An amazing essay by Jaron Lanier about Digital Maoism delves into the behavior of collectivism and whether the Internet Age is fueling it. However, the core subject is much deeper than the digital world encouraging mob madness. It is about whether we can benefit from groupism and Wisdom of Crowds, and if so when.
As Lanier mentions, this collectivism is seen in many places, through participation of individuals. The American Idol (or Indian Idol), elections, Wikipedia and stock markets are some examples. However, there is primary difference in Wikipedia and the American Idol model. Wikipedia nurtures objective factual information, as against subjective opinions. The fact remains the fact and its truth is not influenced by who has written about it or how many have written about it. The strength of a group can influence how much information is available. What Wikipedia has done is make this immense information available by using a open group of authors rather than a closed one. If a piece of information is not accurate or right, it can be re-edited to reflect the truth. In other words, inaccurate information by authors is corrected by its accurate version. They are written by humans, errors are possible and will be corrected. However, the probability of correction improves with the number of people involved. It is not chaos, it is a system where inaccurate information is replaced by the accurate one which can be verified because of the objectiveness.
Wikipedia, an aggregator, does not mean that the individual authorities are undermined. They still are respected and are read. However, Wikipedia serves just as a singular storage of information and not is not intelligent in itself. But it serves as one of the best references to have.
On the other hand, American Idol model works on gathering votes based on subjective opinions and judgements from the common man. The tragedy is that people who do not have enough knowledge can not only participate but their vote gets counted, whether any other knowledgable person votes or not. Usually, a minority of the population is an expert on any subject. However, with votes being counted, the majority is always going to overrule the minority thereby throwing away the argument for merit. Surprisingly, this model has been replicated in many countries and even there the model is raking in money, which seems to be the primary goal. I haven’t seen the Indian Idols chosen improving their musical or performance abilities. However, the average talent that comes out of the model has improved, now there are more performers have exposure than before. The average beats the best!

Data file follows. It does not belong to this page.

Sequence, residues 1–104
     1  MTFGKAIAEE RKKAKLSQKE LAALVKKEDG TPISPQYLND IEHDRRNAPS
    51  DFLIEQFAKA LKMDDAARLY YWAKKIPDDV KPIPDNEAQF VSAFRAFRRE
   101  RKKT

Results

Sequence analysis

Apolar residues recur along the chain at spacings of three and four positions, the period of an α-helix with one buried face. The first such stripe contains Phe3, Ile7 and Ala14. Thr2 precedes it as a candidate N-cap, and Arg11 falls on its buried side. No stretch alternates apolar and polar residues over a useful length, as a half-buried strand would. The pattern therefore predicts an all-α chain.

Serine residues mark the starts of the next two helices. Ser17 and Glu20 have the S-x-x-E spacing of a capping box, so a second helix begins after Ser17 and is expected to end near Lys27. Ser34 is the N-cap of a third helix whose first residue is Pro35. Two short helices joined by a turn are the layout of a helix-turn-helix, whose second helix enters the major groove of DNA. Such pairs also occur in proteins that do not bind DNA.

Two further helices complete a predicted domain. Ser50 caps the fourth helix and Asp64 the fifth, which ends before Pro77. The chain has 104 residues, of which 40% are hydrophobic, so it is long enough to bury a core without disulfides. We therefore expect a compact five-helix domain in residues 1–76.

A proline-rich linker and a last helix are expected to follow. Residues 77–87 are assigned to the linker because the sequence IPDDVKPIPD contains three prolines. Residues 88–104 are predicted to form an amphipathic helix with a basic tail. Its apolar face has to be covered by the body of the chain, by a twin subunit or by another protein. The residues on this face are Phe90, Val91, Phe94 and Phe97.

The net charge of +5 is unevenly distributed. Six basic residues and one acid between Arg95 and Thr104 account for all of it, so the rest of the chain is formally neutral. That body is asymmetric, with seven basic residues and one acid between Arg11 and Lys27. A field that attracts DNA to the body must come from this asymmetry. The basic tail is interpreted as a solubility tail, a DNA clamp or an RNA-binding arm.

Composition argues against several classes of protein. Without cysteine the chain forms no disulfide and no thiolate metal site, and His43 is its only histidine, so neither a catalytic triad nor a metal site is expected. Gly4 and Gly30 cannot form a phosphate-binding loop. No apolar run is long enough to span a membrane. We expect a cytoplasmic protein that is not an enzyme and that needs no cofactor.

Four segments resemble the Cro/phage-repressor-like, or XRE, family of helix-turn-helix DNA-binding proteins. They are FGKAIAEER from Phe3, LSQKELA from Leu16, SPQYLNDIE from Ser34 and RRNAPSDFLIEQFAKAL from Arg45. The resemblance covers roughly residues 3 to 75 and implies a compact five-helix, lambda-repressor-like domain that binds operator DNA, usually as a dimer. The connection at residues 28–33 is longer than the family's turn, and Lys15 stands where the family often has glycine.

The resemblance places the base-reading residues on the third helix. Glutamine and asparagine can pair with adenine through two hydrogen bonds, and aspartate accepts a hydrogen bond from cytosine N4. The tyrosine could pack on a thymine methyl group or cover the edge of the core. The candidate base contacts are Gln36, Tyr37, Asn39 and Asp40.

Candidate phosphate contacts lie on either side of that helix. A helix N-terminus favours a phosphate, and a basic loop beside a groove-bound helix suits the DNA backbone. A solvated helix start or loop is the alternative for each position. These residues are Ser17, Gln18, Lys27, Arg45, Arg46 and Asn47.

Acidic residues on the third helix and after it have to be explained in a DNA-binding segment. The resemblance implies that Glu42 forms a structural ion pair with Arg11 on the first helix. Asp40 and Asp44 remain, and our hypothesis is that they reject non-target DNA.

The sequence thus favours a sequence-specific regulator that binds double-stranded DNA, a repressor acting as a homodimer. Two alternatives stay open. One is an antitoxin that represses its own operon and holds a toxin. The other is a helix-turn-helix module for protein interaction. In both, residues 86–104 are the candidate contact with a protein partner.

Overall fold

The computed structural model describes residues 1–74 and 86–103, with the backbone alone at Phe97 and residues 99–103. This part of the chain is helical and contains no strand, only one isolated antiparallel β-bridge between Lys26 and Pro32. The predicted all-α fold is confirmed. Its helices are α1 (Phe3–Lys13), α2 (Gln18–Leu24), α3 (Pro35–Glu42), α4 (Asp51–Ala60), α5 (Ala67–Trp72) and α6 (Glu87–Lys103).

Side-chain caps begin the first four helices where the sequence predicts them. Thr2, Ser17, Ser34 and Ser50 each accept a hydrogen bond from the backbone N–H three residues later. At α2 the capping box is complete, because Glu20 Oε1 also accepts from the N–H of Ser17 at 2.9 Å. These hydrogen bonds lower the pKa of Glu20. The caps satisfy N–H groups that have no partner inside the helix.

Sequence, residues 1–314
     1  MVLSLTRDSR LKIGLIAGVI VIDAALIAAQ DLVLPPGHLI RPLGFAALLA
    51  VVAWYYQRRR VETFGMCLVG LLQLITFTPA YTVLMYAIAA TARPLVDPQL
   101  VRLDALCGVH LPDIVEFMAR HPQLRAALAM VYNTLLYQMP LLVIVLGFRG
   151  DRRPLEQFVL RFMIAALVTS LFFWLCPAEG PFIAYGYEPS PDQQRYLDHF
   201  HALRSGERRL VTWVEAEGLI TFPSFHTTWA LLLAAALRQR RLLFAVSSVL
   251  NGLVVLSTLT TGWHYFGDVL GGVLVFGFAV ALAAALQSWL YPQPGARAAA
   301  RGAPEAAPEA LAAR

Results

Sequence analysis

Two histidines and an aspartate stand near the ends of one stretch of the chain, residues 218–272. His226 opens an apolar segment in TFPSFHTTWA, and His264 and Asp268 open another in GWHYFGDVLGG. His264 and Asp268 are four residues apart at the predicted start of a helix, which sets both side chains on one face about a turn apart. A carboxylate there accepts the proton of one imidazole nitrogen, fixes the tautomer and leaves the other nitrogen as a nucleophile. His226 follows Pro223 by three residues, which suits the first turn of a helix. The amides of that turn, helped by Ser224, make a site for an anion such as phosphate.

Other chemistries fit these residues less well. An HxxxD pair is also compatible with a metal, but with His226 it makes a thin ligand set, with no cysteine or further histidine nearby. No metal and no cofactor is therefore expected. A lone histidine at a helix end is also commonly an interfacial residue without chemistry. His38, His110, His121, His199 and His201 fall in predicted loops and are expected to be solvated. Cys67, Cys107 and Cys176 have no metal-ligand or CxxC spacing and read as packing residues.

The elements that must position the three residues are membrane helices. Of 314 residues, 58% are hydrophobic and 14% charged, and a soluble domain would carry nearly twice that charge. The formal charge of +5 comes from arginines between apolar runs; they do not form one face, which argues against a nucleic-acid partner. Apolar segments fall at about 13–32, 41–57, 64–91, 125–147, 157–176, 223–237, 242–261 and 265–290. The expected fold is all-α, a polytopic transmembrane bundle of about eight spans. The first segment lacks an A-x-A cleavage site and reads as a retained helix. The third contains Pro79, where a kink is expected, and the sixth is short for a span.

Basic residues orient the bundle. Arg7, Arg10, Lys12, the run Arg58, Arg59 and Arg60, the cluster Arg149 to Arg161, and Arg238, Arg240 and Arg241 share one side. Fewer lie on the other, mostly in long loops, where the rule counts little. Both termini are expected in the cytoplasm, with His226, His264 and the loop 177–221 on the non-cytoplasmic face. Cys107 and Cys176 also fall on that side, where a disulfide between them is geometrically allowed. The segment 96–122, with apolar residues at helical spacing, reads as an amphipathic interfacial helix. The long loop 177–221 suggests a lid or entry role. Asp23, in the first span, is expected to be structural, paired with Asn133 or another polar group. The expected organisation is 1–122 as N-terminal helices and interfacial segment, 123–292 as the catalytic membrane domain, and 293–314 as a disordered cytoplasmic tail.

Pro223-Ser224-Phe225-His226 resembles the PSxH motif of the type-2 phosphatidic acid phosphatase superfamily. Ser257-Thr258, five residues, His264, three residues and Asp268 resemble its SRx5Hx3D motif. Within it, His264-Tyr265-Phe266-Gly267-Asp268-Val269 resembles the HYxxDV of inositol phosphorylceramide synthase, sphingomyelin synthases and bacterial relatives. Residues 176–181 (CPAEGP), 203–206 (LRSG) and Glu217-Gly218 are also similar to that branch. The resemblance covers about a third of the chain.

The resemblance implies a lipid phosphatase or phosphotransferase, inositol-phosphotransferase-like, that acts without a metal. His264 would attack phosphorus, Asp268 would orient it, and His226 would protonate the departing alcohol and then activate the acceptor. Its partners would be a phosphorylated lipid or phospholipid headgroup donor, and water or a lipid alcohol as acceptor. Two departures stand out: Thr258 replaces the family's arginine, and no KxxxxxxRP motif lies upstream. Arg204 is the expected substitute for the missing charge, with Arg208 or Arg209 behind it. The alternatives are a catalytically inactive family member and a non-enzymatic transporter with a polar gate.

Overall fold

While I agree that American Idol probably has the best business model and it brilliantly exploits the mob mentality, it is not a good example of collectivism bringing out the best. If I say, I don’t like a certain painting, that does not mean that the painting is not good, it is my subjective opinion, and the painting itself should not judged by it. A couple of years later I might change my perception and take a liking to the same artifact.
And there is also the blogosphere. Isn’t it an another form of collectivism? What blogosphere, as a whole, does is bring a subject in view of many others. Frankly, I would not have read this essay if it was not for the blogosphere. However, this neither means that the subject is important nor does it say whose opinions are important. It is entirely the onus of the individual to act and how to act on the information. This probably applies even in the stock market. The mob mania causes spikes or trenches in the sensex graph, but it is momentary. Whether to react to it or not will depend on the individual investor.
Elections are probably true processes of democratic participation by individuals to form a collective voice. However, there are multiple instances that they have completely failed. They have failed, not because collectivism does not work here, but maybe because the citizens did not have enough information, or enough did not participate or that they were completely rigged. However, this is another example, where the total number of votes might not bring out the best.
While discussing with a friend, what also came up was that not only the subjective opinion but also aspect of the subject might matter sometimes. In a software, the users opinions count a lot when its usability is being tested. I wonder how it will work if they are asked about the software engineering or the software process used for it. However, I see it works for usability as it is targetted towards the users and hence they are the best candidates for opinions on it. In this case, the proportion of the mass that reacted or opined is important.
Now to the more resident issue – is the internet fueling collectivism? We are seeing more and more aggregator models being used by businesses. The aggregator is a matter of convenience rather than intelligence. For example, it is convenient to read everything in one single place. Why they have worked in business models because they supply convenience, which is in demand by the users. If you look at Slashdot, it has been brilliant in reporting news that were not available in many places earlier. Sometimes even the discussions provide lot of value, but it never tries to snatch the credit or highlight from the original article itself. The aggregator model can build intelligence over and above the one provided by an individual, which is not harmful. In fact, collaboration between groups of people has also led to generative internet and community marketing as in case of Mozilla Firefox.
Whether collectivism is good or not, whether it works or not is more dependent on the subject it is applied for, and what it is used for. It, by itself, is not good or bad, its usage is. By nature, even this post is again just another opinion of an individual, probably even a subjective opinion and should not be counted as a vote.
Copyright Abhijit Nadgouda.